My music will never be based on politics. Besides, I can never keep up with it anyways! I understand if there are spiritual aspects to it based on the different sounds used and how one can calm their senses using music. Expression and narrative within music are SUPER important in the industry because your material defines who you are and what your skill sets are.
7. Do you feel that your music is giving you back just as much fulfilment as the amount of work you are putting into it, or are you expecting something more, or different in the future?
If you put effort and use your time wisely at anything, you’ll get the best of the results you were hoping for: That’s always been my strategy. I’d love to really push the limits and see where my material could be featured on. After a production or mixing session of a track, I occasionally conduct some research and explore the different sites, blogs, playlists, radio stations, etc… and simply reach out to them via E-Mail or DMs on Instagram. You end up wanting more if you ask me!
8. Could you describe your creative processes? How do usually start, and go about shaping ideas into a completed song? Do you usually start with a tune, a beat, or a narrative in your head? And do you collaborate with others in this process?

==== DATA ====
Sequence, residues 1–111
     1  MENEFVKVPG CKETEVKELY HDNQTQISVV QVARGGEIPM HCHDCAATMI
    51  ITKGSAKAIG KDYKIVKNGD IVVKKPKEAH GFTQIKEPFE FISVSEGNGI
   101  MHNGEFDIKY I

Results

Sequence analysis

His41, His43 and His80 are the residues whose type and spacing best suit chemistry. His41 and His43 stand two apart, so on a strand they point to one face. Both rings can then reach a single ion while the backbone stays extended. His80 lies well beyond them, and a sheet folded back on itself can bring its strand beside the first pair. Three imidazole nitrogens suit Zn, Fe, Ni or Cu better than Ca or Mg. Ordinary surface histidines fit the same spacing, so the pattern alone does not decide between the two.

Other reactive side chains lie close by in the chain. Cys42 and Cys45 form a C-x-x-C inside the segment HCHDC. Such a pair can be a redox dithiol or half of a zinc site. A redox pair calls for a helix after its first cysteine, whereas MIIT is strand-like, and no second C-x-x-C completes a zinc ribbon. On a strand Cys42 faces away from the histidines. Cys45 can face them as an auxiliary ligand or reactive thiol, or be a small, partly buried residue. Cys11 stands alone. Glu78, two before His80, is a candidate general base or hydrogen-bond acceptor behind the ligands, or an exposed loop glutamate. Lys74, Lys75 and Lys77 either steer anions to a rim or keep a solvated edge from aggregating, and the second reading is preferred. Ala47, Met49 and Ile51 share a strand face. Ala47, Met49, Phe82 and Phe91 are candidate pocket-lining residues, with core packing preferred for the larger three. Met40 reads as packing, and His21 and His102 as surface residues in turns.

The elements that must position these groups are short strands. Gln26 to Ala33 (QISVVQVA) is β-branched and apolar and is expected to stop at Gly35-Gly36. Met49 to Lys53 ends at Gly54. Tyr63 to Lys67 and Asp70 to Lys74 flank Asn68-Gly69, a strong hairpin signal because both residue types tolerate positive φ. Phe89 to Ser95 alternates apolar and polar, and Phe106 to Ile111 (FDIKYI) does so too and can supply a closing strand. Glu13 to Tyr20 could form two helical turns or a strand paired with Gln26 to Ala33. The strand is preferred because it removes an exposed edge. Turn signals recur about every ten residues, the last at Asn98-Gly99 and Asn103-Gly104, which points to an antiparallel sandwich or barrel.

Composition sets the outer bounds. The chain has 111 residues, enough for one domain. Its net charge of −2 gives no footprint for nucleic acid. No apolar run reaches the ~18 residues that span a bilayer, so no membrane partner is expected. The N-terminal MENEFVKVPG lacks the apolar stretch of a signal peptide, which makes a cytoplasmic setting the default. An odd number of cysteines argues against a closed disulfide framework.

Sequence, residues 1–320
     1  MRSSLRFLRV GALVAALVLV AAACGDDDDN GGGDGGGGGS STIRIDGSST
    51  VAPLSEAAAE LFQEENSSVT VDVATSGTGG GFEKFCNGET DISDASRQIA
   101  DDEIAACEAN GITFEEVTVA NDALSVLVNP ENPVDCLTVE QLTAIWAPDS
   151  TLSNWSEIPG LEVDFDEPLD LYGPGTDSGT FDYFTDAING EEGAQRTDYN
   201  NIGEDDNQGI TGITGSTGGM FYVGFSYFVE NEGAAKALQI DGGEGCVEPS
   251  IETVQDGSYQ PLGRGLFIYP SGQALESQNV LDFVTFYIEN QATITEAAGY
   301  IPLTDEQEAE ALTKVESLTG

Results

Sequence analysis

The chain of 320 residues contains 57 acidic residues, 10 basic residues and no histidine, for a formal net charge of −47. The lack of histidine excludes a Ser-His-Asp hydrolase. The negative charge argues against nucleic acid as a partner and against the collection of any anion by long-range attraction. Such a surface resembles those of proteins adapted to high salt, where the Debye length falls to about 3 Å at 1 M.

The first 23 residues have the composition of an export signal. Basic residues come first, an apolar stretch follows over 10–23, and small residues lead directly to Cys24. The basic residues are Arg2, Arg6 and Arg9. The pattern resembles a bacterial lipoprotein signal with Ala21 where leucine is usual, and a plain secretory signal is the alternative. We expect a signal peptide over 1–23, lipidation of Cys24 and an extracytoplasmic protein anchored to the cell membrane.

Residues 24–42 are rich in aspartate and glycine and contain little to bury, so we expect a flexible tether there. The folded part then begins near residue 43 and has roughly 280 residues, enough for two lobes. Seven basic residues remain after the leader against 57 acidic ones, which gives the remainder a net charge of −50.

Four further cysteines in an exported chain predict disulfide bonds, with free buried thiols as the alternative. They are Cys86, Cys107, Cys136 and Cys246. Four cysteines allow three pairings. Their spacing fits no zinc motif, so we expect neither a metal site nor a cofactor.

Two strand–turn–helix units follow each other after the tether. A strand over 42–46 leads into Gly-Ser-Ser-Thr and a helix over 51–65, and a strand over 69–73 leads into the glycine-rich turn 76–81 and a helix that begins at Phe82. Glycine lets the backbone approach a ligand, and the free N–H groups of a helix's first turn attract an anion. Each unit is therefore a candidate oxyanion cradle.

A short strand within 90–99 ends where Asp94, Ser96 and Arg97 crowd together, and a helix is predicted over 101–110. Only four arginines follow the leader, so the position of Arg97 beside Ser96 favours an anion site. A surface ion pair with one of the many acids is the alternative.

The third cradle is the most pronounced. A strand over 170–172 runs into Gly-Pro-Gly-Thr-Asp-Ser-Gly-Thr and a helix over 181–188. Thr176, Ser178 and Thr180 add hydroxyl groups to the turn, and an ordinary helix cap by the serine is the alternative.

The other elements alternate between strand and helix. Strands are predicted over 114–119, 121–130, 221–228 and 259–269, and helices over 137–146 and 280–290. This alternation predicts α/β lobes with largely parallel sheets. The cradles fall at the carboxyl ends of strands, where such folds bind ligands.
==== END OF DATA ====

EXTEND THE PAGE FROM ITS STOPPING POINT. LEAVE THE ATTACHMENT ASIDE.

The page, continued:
I usually start with a keyboard progression that I record directly into Logic, and then afterwards just noodle about on the guitar and discover some licks with a progression. I remember during “Daylight” the guitar tones were where I had the most fun; I would spend most of my time creating presets and recording different parts using the newly made presets, with my Stratocaster I was recording with. So it really just comes from just playing around and getting from A to B in a song arrangement. The structure, synth pads and drum patterns of “Prosperity” were a huge benefit going forward, and helped me to begin a new project from scratch, without getting lost in an empty project. I don’t usually collaborate as I’m quite an independent musician, but after listening back to some demos, I would quite like vocals on some tracks that are “in the pipeline”. Collaborating is important of course, and I hope to take advantage of that in the near future.